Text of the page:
One of the most anticipated feature debuts at this year’s Toronto International Film Festival, Basil Khalil’s A Gaza Weekend is the filmmaker’s follow-up to his Academy Award nominated short Ave Maria, which strongly launched his career and made him a talent to watch. Khalil’s transition from shorts to features doesn’t seem to have entirely worked though as he fails to stick the landing and creates a generally likable but uneven feature that strangely lacks a cinematic touch.
It’s a baffling flaw in the film, especially that Khalil’s previous film, which also dealt with geographic constraints, felt quite cinematic, with its superb cinematography and direction. The reverse takes place in A Gaza Weekend, which feels like a TV movie with no room to breathe and odd technical choices of cinematography and editing that bogs down the picture and reduces it to a merely serviceable work that doesn’t make quite the impression. The problem starts from a screenplay that tries too hard to be funny, squarely aiming to be a crowdpleaser, while lacking the wit, insight, and authenticity of Khalil’s short.
Imagining a world where an unknown virus called ARS (which is an obscene world in Arabic, hence the wordplay) suddenly spreads in Israel, Khalil’s film is built on a premise whereby Israelis try to flee the country while Gaza, thanks to the separating wall which prohibits Palestinians from crossing over to Israel, becomes the safest place on earth. Protected from the outbreak due to security measures, Gaza becomes the center of media attention as Israelis scramble to cross Jordanian borders to save their lives.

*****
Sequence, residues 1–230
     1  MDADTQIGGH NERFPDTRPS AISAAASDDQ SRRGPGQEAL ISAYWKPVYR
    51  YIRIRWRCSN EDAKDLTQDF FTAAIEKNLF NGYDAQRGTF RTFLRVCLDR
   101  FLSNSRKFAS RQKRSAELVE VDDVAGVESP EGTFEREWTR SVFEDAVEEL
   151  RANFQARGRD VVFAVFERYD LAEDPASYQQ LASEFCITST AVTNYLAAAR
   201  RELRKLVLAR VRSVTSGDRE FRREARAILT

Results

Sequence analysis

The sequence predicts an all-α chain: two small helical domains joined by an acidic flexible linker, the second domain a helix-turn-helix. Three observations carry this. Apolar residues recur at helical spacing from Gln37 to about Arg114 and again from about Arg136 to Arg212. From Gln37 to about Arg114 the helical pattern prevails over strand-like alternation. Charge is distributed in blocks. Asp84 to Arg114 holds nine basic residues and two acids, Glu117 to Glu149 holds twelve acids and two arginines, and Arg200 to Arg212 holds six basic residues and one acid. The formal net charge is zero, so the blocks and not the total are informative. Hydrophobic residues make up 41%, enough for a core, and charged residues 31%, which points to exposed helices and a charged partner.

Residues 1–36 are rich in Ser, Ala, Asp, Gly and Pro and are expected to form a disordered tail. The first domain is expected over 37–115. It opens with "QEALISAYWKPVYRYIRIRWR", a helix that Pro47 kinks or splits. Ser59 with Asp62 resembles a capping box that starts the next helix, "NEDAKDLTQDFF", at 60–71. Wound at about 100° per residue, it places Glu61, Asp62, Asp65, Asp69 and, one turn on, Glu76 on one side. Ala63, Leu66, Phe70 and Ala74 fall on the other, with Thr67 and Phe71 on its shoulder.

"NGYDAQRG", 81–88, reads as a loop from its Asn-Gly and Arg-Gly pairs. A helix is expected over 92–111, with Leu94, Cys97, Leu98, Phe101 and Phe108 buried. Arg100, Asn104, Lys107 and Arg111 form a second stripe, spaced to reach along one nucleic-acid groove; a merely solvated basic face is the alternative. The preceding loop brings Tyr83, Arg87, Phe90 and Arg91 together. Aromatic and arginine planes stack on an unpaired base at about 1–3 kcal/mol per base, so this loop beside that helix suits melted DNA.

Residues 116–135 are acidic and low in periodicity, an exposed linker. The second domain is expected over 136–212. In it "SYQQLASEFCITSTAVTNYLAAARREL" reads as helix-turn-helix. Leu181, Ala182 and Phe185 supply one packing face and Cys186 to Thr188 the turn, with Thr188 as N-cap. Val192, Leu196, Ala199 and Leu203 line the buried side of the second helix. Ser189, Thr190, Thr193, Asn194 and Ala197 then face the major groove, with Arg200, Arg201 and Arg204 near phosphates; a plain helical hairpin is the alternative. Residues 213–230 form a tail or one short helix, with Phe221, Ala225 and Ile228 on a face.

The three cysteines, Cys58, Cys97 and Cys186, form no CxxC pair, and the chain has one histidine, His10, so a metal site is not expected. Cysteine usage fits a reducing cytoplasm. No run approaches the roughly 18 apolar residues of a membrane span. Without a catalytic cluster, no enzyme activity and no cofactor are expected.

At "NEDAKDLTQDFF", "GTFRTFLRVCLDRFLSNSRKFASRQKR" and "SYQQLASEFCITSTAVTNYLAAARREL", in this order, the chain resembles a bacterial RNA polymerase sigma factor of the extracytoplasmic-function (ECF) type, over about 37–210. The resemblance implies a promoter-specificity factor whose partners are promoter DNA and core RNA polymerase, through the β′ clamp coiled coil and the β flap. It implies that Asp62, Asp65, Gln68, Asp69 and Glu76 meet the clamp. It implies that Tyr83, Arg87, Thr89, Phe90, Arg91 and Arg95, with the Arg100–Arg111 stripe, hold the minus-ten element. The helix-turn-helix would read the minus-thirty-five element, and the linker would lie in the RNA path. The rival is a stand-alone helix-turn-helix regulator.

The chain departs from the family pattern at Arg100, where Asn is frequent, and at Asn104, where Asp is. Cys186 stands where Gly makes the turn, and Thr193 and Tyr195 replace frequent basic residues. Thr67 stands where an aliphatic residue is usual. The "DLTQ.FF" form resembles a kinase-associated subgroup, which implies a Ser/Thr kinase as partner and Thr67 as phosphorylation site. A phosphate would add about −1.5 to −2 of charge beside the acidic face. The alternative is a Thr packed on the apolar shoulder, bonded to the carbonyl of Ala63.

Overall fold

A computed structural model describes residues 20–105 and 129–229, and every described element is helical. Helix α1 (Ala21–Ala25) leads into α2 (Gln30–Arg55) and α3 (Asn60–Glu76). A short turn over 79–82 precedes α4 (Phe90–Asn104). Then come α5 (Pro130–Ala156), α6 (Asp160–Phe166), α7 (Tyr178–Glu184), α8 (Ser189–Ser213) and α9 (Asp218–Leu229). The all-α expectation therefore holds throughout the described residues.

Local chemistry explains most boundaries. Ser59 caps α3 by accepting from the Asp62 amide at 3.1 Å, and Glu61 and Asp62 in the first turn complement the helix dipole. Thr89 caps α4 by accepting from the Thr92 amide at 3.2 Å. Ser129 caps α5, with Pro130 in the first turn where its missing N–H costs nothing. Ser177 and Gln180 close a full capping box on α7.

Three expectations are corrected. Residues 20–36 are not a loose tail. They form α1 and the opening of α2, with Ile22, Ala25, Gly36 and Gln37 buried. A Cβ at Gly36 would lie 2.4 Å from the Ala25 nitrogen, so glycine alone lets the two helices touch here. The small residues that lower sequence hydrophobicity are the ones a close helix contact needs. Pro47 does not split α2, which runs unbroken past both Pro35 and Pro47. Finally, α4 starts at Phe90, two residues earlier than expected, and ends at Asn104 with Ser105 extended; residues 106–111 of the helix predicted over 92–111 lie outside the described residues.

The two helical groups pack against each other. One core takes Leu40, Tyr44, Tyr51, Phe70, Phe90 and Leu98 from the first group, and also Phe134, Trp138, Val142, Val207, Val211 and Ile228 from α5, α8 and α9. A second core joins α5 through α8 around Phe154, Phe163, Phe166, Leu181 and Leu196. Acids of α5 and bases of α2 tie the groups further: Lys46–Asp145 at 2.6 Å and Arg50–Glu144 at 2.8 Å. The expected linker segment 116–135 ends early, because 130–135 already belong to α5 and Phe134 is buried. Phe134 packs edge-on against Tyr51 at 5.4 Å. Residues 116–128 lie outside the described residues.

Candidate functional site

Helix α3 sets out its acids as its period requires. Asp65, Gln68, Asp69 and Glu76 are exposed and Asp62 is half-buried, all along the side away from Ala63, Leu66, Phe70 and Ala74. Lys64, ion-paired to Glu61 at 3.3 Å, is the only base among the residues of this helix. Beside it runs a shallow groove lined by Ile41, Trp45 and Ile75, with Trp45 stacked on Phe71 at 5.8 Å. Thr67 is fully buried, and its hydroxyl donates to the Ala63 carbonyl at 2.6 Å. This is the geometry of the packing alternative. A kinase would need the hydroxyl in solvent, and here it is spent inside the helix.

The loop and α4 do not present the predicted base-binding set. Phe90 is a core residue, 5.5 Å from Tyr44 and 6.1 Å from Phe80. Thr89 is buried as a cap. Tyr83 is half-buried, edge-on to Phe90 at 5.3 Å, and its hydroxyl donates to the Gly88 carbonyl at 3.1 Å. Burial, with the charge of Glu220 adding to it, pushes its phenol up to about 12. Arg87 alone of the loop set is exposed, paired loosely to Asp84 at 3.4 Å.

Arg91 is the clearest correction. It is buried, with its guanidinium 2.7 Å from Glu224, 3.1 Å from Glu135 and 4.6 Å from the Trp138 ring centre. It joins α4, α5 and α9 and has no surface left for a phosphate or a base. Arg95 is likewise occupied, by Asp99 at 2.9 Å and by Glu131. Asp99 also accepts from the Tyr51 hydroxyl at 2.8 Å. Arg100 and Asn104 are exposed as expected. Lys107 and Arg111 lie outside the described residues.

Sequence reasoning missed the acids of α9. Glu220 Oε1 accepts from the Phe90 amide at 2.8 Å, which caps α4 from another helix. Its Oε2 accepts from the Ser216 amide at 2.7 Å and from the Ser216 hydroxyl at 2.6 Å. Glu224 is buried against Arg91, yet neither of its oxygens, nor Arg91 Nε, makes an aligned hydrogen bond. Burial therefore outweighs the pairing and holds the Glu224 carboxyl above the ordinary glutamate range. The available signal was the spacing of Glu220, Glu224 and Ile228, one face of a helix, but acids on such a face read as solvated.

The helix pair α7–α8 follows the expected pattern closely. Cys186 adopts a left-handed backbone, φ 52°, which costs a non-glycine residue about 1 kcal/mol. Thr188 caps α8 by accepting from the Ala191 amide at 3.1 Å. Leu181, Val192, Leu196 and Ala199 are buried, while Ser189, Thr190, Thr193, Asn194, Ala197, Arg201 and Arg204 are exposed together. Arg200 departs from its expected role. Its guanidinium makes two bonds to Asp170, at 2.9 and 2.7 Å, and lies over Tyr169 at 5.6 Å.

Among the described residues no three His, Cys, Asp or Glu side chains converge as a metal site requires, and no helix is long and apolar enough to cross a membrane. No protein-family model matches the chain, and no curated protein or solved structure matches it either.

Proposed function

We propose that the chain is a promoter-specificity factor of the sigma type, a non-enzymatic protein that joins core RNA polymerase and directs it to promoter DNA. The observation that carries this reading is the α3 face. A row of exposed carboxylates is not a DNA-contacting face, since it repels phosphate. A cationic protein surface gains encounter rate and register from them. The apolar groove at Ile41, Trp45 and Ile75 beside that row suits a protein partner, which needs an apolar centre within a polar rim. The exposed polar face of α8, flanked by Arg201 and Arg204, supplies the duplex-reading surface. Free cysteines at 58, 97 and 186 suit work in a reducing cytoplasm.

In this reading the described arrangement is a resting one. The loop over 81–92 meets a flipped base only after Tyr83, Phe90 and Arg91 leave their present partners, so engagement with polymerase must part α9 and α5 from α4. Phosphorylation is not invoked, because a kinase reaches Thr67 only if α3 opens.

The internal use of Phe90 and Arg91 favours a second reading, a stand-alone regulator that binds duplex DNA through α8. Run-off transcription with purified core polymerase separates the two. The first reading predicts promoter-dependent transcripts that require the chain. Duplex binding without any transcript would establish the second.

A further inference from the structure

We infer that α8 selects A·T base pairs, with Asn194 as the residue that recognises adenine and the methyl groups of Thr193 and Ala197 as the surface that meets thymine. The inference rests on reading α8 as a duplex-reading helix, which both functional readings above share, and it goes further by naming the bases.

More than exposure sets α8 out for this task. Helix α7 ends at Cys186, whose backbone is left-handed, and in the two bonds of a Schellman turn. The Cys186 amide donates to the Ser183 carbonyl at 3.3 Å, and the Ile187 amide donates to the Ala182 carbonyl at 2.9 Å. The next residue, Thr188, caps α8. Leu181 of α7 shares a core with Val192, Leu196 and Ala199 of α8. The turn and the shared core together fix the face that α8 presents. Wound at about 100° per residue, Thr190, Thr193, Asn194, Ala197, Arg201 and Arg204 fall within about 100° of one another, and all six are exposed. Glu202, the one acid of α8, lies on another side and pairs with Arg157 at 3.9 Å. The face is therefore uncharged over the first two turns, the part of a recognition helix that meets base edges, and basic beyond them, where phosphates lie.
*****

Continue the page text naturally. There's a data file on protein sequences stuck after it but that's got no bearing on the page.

In the middle of all the chaos are two friends-turned-smugglers who spend their days trying to sell imported goods from China and elsewhere, until the ARS outbreak gives them the opportunity of the lifetime. As they try to turn bras into masks, a joke the film repeatedly makes, they get contacted by a British-Israeli couple who are trying to flee into Gaza. A mix of drama and comedy ensues, as the couple hide in one of the smugglers’ homes, to the shock and dismay of his wife and parents.
A series of errors, mainly because the smugglers are rash and inexperienced, lead to Israeli and Palestinian media picking up the news. An extensive Gaza-wide search kicks off, with a hefty monetary prize for those able to locate the couple who would certainly be tried, and potentially even killed, whenever they’re discovered. Making things even worse is the smuggler’s nosy neighbors who become increasingly suspicious and try to uncover what’s going on.
The film’s premise, while certainly interesting, gets diluted by a continuous need to be funny and appealing, to the extent of pandering to the audience with repetitive jokes, oddly choreographed scenes and surface-level dialogue that never elevates the film into anything but a sometimes funny, otherwise forced comedy that doesn’t register. When the script holds off the comedy, in rare scenes, it becomes too didactic, telling us things we already know in almost bullet-point form that further reduces the film’s cinematic feel.
Sure to have its supporters particularly in the Middle East with some potential to cross over to mainstream audiences, A Gaza Weekend is an amusing, yet surface-level comedy that doesn’t work more than it does and a step down from Khalil’s earlier, more insightful works.
This review is from the 2022 Toronto International Film Festival.